The Reichstag meets in a few days. The Socialists are holding daily caucuses, but have not yet decided on any party action. Undoubtedly they will vote for the new ten milliard loan, with Liebknecht and a few others dissenting. Probably a split will also develop in the National Liberal Party; Basserman and others have been attacking the Chancellor, but I think other members will dissent. It is quite probable that there will he a discussion about the object of the war, and permission will be asked for public discussion, the Socialists perhaps claiming that they have consented to a defensive war only, and that now that the war is on enemy territory peace should be at least discussed. There may also be talk about the annexation of Belgium and food prices. The Socialists are greatly incensed at those who are holding food for high prices.

Personally, I think that Germany now wants peace but does not want to say so openly.

A relative of a Field Marshal told me to-day that Germany's killed to date were 600,000 and 200,000 crippled for life.

I must say that the plain people still seem perfectly tame and ready to continue the war. However there may also be a protest in the Reichstag about the treatment by non-commissioned officers of Landsturm. men who have never served but who now, in the process of scraping the box, are called to the colors.

The Germans hope by a great movement to capture a great part of the Russian army; probably they will fail. They also entertain hopes that in such case Sweden will enter Finland and two Balkan States declare for them. Balkan Ministers here tell me the defeat of Russia makes it impossible for Roumania to enter, but they fear an invasion by the Germans. All diplomatic work is now centred in the Balkans.

Successes in Russia have made the people here very cocky. Hence, probably, the torpedoing of the Arabic. Also great hope of Bulgaria coming in with Germany; there is no more dissatisfaction heard over the war. I have as yet received nothing from Washington regarding the Arabic.

I have just spent four half days at Ruhleben, where civilian Britishers are interned, so as to give every prisoner a chance to speak to me personally.

There is much talk of creating an independent Poland. The Reichstag session has developed no opposition.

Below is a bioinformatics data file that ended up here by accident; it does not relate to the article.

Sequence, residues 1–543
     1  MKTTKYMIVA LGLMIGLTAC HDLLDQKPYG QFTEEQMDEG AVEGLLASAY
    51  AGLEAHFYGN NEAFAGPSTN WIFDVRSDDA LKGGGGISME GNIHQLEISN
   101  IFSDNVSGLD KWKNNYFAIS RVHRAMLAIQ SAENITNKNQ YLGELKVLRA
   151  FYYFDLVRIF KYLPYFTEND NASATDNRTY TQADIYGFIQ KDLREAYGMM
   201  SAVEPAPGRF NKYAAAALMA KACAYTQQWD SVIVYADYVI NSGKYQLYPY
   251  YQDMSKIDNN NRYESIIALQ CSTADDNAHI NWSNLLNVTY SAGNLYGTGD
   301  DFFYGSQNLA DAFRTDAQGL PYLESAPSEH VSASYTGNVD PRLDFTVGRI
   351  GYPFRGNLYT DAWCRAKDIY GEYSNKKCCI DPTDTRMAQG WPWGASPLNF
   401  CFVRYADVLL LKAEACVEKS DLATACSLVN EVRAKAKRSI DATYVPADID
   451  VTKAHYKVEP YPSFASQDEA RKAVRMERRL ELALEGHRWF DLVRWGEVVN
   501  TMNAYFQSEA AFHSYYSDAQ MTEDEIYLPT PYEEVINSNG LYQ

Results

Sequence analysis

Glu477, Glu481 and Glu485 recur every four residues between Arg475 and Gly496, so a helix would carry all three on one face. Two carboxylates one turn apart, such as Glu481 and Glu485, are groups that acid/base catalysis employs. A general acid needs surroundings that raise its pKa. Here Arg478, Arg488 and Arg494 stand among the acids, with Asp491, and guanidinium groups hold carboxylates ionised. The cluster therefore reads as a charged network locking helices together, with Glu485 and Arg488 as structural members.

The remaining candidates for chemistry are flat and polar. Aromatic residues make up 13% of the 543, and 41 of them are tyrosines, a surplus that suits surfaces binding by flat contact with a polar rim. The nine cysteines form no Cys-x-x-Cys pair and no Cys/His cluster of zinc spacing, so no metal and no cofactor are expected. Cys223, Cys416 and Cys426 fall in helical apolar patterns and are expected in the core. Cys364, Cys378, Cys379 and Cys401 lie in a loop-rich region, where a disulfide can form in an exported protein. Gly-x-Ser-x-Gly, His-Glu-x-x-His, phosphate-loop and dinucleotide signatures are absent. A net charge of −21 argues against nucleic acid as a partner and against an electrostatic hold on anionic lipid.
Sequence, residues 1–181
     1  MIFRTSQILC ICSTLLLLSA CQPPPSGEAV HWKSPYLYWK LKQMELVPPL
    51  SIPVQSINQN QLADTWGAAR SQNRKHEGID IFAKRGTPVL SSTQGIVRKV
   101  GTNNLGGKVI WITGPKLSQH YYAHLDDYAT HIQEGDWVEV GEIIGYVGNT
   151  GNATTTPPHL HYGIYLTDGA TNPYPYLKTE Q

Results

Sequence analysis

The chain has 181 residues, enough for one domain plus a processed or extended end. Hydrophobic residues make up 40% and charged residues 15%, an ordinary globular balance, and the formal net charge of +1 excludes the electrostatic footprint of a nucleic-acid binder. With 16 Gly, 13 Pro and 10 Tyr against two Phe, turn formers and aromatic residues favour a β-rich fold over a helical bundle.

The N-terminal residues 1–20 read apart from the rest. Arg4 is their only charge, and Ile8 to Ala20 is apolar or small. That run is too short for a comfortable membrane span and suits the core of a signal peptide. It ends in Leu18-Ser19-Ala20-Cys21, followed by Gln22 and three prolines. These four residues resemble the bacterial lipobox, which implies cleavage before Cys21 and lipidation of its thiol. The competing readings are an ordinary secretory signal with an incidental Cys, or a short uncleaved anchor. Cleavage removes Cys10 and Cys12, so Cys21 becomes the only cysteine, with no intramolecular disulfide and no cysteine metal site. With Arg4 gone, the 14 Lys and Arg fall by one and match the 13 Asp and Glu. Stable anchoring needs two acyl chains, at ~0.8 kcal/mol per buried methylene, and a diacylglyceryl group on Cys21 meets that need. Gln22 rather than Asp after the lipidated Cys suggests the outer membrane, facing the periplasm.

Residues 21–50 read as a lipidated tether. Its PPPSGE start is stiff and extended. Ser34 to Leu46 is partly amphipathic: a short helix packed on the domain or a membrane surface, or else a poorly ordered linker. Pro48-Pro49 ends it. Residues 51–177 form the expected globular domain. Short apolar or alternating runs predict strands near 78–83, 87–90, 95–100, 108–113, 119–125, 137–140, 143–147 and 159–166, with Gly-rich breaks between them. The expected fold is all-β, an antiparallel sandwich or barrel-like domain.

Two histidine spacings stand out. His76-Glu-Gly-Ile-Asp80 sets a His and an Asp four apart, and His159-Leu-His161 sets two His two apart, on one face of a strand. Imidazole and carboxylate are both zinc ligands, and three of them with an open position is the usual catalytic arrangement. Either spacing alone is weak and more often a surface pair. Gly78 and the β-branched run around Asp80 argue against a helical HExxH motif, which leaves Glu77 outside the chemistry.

A fac-simile of that infernal advertisement (#1) of the Cleveland Automatic Tool Company in the American Machinist was laid on the desk of every member of the Reichstag; and the papers are full of accounts of great deliveries of war munitions by America, possibly preparing people for a break. If Bulgaria comes in, Germany will undoubtedly take a strip in Servia and keep a road to Constantinople and the East. The new Turkish Ambassador has just arrived. The old one was not friendly to Enver Bey and so was bounced; he remains here, however, as he fears if he went to Turkey he would get some "special" coffee. The hate for Americans grows daily.

All rumours are that in the recent council at Posen the Chancellor, advocating concessions in submarine war, won out over von Tirpitz. But von Tirpitz will die hard, and there will be trouble yet, as the Navy will be very angry if the present methods are abandoned. Members of the Reichstag have telegraphed backing up the Chancellor; but it is hard for any civilian idea to prevail against Army or Navy.

Probably the Admiralty will say that the submarine which torpedoed the Arabic was lost, in order to avoid disgracing an officer.

If the Arabic question is not complicated with the Lusitania a solution will be easier. The common people have been aroused by von Tirpitz's press bureau and it will be simpler for the Chancellor to "back track," taking as an example a case like the Arabic when the ship was going West and carried no ammunition.

The defeat of the Russians is undoubtedly crushing. Is England waking up too late? There will be a big offensive soon against the West lines.

I have heard nothing up to to-day from the State Department re the Arabic, except one cable asking me to request a report.

A correspondent has just been in and says that the General Staff people threaten to expel him because he went to Copenhagen and sent out news about the petition to the Chancellor not to annex Belgium. The Foreign Office had no objection; this shows how the line is forming between the Chancellor and the Military. All correspondents to-day say the Germans are trying to dragoon them into sending only news which the General Staff wants sent, and the Military have added their censorship to that of the Foreign Office.

An official told me that Bernstorff, while not exactly exceeding his instructions in his "Arabic Note" (of Sept. 1, 1915), had put the matter in a manner they did not approve.

Orders have now, apparently, been given to all German officials to say that the war will last a long time---at least a year and a half.

It is expected that Persia will come in under German leadership and attack India.

Our Military Attaché, Colonel Kuhn, was finally presented to the Kaiser and had a pleasant chat with him. Colonel Kuhn says all fighting on the West is with artillery and hand grenades. Rifles are thrown aside.